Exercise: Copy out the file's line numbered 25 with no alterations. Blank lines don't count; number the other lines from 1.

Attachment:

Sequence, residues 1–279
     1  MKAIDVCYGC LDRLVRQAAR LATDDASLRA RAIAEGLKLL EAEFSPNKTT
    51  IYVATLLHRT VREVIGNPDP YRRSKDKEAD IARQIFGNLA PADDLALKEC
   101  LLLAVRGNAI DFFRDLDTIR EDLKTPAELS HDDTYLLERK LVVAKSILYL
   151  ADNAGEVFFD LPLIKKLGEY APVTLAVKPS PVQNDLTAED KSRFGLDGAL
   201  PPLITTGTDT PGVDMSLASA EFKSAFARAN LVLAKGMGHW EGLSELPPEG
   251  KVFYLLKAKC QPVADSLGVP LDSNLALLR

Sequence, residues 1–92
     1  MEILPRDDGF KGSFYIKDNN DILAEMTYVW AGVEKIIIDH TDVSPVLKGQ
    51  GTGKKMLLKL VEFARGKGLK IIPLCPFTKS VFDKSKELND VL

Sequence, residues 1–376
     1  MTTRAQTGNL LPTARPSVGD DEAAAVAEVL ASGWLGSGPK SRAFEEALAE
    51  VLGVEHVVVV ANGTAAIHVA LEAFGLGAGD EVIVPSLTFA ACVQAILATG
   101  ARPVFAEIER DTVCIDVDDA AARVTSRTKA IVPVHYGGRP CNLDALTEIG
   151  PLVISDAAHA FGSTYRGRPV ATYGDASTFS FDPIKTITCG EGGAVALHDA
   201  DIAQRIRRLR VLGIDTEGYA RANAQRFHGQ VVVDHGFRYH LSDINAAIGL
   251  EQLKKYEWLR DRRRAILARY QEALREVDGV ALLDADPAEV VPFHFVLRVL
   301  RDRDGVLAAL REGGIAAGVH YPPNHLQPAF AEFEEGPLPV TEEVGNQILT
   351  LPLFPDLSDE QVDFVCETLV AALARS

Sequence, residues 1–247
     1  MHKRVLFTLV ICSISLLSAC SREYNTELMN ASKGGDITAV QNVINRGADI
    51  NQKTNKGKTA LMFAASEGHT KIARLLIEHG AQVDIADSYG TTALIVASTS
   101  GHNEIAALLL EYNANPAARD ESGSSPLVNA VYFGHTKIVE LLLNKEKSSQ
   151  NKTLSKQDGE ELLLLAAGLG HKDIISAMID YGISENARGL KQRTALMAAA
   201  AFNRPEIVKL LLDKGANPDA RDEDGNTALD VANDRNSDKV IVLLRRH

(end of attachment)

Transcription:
   201  AFNRPEIVKL LLDKGANPDA RDEDGNTALD VANDRNSDKV IVLLRRH